Skip to main content

Then and Now: Dynamics of Ministering Abroad

by Ezra Benjamin
March 01, 2017

Jewish Voice began conducting medical outreaches on a yearly basis in 2006. For the first three years, each was a combined two-week outreach to the Beta Abraham of Addis Ababa and the Beta Israel of Gondar, Ethiopia.

I started as a volunteer in the prayer room in 2008, and today, I am privileged to oversee an excellent Jewish Voice Global Outreach staff that orchestrates up to eight medical outreaches per year plus Hear O’ Israel! Festivals of Music & Dance. From exploratory trips researching possible new locations to meeting with local, regional, and national officials to remaining behind to wrap up clinics, I have had a bird’s eye view to a full gamut of dynamics involved in ministering abroad. I have noticed those dynamics change over the years.

JVMI Outreach BannerSince I went on my first outreach with Jewish Voice, there has been a significant increase in Islam throughout Africa, but especially in Ethiopia, which is a historically Orthodox Christian nation. This expansion of Islam has led to increased anti-American sentiment.

In the last decade, there has also been an increased unwillingness to “tolerate” what are considered foreign do-gooders who have a “faith agenda.” The general “dire need” throughout Africa which ruled the headlines of ten or 20 years ago created a welcome path for international humanitarian aid providers and ministries to serve these people. In recent years, however, these news stories have been replaced by headlines of major infrastructural improvements, foreign business investment, and economic growth. The dire need still exists—especially in some of the more rural areas and city slums where many of these Jewish communities live—but, “Priority A” in these countries is now urban and economic development from economic powerhouses  such as China and several Islamic nations. International humanitarian aid— especially that from organizations like Jewish Voice with strong faith convictions and a message of personal transformation—are now, at best, tolerated rather than welcomed. Even the import of humanitarian goods and medical supplies is now a heavily-regulated process designed to earn further income for these nations through taxation.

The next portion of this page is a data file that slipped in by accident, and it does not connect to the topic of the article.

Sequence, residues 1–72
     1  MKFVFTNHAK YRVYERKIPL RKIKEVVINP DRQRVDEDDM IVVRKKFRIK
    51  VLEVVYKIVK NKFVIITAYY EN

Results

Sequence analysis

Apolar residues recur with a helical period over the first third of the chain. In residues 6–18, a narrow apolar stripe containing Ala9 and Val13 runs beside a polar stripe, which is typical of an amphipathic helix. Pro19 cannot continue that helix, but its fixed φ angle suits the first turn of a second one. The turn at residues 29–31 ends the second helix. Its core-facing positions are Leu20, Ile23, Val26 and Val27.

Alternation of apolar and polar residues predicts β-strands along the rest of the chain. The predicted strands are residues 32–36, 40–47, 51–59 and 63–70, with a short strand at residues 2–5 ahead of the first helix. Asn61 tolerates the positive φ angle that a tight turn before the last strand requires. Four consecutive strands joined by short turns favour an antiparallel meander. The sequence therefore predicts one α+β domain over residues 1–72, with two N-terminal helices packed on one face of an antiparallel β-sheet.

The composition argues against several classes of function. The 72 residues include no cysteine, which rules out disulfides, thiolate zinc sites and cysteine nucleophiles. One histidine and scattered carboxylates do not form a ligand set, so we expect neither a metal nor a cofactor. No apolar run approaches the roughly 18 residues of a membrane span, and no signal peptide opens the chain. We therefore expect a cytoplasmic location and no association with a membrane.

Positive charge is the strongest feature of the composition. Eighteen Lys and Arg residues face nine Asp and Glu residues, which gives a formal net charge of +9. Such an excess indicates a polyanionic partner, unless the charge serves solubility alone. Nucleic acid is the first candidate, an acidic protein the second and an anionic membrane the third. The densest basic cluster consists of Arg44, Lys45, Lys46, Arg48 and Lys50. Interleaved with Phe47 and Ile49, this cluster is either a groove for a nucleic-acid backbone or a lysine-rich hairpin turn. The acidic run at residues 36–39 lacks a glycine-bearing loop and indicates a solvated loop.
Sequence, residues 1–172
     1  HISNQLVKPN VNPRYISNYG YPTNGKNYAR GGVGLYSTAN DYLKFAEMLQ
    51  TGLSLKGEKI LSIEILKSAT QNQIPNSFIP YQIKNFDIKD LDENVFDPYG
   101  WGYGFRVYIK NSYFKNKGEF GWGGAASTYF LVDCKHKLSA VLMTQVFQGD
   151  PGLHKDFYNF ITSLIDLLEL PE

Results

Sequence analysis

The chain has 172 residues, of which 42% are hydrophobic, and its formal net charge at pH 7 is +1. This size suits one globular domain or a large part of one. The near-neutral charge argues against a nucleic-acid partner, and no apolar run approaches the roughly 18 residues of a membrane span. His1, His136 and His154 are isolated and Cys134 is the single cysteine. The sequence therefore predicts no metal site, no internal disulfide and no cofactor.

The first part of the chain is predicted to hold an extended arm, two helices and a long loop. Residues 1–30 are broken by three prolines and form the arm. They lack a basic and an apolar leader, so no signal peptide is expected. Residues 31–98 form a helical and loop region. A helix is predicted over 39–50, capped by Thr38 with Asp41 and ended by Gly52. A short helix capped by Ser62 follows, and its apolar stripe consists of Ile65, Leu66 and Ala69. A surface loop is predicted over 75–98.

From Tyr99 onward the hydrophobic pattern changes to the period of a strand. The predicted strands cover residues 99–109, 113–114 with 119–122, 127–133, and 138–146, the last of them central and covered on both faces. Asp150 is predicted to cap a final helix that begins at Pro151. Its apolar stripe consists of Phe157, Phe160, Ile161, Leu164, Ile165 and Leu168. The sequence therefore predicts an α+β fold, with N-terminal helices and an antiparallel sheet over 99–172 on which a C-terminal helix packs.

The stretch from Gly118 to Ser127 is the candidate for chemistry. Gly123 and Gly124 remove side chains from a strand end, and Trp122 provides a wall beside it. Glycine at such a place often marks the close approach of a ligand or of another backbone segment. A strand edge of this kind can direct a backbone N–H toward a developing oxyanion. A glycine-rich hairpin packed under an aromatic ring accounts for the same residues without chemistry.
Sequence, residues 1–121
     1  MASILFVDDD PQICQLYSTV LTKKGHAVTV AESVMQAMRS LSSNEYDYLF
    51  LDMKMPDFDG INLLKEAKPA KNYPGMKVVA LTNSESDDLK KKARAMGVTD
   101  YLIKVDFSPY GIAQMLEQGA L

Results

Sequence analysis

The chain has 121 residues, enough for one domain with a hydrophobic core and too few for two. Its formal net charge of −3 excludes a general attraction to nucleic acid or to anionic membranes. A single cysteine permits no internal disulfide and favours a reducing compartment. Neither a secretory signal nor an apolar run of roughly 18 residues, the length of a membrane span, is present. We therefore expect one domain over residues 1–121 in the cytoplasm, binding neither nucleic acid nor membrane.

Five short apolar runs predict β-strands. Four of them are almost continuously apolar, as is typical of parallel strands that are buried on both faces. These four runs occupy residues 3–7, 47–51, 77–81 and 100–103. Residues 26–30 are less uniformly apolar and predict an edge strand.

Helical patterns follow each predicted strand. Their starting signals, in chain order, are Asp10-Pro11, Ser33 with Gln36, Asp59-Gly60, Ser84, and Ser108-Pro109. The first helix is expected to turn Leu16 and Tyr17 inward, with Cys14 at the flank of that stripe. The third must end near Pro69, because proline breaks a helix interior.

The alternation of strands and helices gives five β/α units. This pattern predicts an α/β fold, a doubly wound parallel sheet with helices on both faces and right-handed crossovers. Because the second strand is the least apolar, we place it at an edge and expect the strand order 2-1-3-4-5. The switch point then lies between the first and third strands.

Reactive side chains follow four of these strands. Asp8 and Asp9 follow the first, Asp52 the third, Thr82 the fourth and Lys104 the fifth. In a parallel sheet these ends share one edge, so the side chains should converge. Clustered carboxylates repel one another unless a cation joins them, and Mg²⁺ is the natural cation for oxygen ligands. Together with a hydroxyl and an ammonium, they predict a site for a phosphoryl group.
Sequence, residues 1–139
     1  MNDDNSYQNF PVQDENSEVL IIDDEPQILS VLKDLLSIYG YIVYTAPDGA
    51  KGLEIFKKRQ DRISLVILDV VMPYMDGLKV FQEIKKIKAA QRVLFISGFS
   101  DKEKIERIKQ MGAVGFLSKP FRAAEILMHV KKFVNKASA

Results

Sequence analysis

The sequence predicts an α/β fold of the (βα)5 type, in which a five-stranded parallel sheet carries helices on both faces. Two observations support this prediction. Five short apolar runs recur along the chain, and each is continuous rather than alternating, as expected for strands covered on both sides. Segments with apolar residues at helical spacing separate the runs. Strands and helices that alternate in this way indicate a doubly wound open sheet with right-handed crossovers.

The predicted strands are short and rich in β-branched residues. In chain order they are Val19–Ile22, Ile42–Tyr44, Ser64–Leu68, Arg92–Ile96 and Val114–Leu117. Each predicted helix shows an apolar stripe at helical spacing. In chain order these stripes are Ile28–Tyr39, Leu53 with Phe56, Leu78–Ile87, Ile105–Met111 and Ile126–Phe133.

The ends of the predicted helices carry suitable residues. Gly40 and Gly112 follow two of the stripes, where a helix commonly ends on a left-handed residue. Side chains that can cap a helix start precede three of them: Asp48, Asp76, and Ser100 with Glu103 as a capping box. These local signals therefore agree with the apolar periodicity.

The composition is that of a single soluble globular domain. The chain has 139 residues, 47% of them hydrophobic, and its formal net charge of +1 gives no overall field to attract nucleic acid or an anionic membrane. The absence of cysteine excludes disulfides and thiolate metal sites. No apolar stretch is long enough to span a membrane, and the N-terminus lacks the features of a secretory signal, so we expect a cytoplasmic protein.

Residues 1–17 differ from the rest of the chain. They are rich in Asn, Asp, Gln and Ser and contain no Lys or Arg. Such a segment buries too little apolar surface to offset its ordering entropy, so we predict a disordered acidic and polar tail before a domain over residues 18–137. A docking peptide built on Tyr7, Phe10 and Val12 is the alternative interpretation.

Also, opposition to the clear proclamation of the Gospel of Yeshua has grown. The world is moving more and more toward humanistic tolerance and a paradigm with no absolutes. Many religious entities in the countries where we serve react to this with  their own desperate attempts not to “lose” members of their religious communities. As a result, I have seen, in acute ways, a dramatic, rapid increase in the intolerance of the message of Yeshua. The anti- Messiah (anti-Christ) spirit is at work in bolder and bolder measure in the world, including the areas where we serve. Actions taken against our ministry work are increasingly more organized, devious, and fervent. The Lord continues to protect, provide opportunities for ministry, and embolden us to proclaim the Good News of Yeshua in the face of opposition. But it would be ignorant to think that continuing to travel around the world sharing Yeshua with our Jewish people and their neighbors will not require us to be increasingly wise as serpents and innocent as doves.

There have been many exciting and encouraging changes in our outreaches over the years as well. The depth and quality of care we provide continue to advance. Medical clinics include eye surgeries, dermatology, and pediatrics along with dental care and general medical care. We have expanded to provide water filters and water education to help the people ward off many preventable illnesses. We have also been able to provide follow-up care and facilitate surgeries at local hospitals. We are experiencing an increased partnership with local hospitals, other local NGOs (non-government organizations), and partner ministries.

There is a much larger Messianic presence in the countries we serve than there was when we began conducting medical outreaches. As more members of the Jewish communities we serve come to faith in Yeshua, we are seeing the Messianic community grow in these areas and an increased confidence and openness about Jewish identity.

Also, key members of the Jewish community—even those who don’t agree with our message—are growing in their trust in the legitimacy and constancy of our love for and service to them. As Jewish Voice returns again and again, staying committed to their Jewish communities while other organizations come and go over the years, may the veil be removed from their eyes so that they may see the God of their fathers and come to believe in their Jewish Messiah, Yeshua.

Share this article

divider graphic
arrow-up icon